Challenger still inspires more than 30 years later

Published 7:00 am Tuesday, January 30, 2018

Exactly 32 years ago on Sunday, I like the rest of the nation was glued to the television screen in the middle of the day.

You may be wondering why I was watching television instead of doing class work, since I would have been about 9- or 10-years-old at the time. It wasn’t often that students got to watch a live broadcast during school hours.

That was reserved for only special events, such as the launch of a space shuttle that would carry a civilian, and teacher.

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Hence why we were watching television instead of doing schoolwork.

The interesting aspect of this mission was the teacher on board. That’s because nearly every NASA mission is staffed with trained personnel hand picked by the government agency, which are typically pilots or enlisted personnel.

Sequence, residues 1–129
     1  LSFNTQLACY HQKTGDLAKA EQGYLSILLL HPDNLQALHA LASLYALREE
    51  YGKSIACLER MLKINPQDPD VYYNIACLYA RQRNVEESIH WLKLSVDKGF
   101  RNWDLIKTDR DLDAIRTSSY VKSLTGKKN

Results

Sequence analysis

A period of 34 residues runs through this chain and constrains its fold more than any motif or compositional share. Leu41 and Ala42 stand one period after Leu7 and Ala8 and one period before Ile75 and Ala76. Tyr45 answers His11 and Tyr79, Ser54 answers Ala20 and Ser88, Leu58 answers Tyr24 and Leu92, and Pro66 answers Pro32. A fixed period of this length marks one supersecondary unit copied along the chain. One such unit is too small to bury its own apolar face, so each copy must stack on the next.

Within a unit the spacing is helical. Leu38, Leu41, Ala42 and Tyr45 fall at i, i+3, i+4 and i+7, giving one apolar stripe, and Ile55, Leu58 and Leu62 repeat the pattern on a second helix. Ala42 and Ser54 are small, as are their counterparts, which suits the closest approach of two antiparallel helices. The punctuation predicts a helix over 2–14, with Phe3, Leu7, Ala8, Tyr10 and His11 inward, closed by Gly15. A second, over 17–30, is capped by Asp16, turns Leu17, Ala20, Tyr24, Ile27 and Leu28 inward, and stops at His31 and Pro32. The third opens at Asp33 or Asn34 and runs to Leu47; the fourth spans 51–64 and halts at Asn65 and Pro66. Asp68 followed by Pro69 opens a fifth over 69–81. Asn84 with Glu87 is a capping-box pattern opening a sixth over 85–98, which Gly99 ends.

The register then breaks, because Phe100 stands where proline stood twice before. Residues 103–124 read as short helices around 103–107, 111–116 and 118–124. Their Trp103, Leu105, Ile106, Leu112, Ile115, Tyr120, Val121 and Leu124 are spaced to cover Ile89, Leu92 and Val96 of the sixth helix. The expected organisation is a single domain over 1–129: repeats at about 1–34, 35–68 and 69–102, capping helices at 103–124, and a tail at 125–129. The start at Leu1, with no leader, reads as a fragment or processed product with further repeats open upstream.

Even with the inherent dangers of space travel, the space shuttle program at that point had a relatively perfect safety record.

But just more than 70 seconds into the launch, the shuttle exploded, and grounded the program for more than two years. In 2003, another tragedy with Columbia would also suspend the program for about two years.

When we think of our nation’s space program, we typically remember only a handful of missions, Apollo 13, Challenger and Columbia.

But we don’t think about all of the work that went into making all of the other missions a success. Take testing the engines for example.

Did you hear the rumble on the 19th of this month when Stennis Space Center tested the modified version of the Space Shuttle engine? I’ve heard tales from locals in the area about the sounds emitted during the Apollo era. But since I missed that time in history, that Friday afternoon was the first time I heard such a sound.

It’s exciting to think our country will one day launch people into orbit once again, though with a new vehicle.

And what’s most interesting is that most if not all of those engines will be tested here in South Mississippi.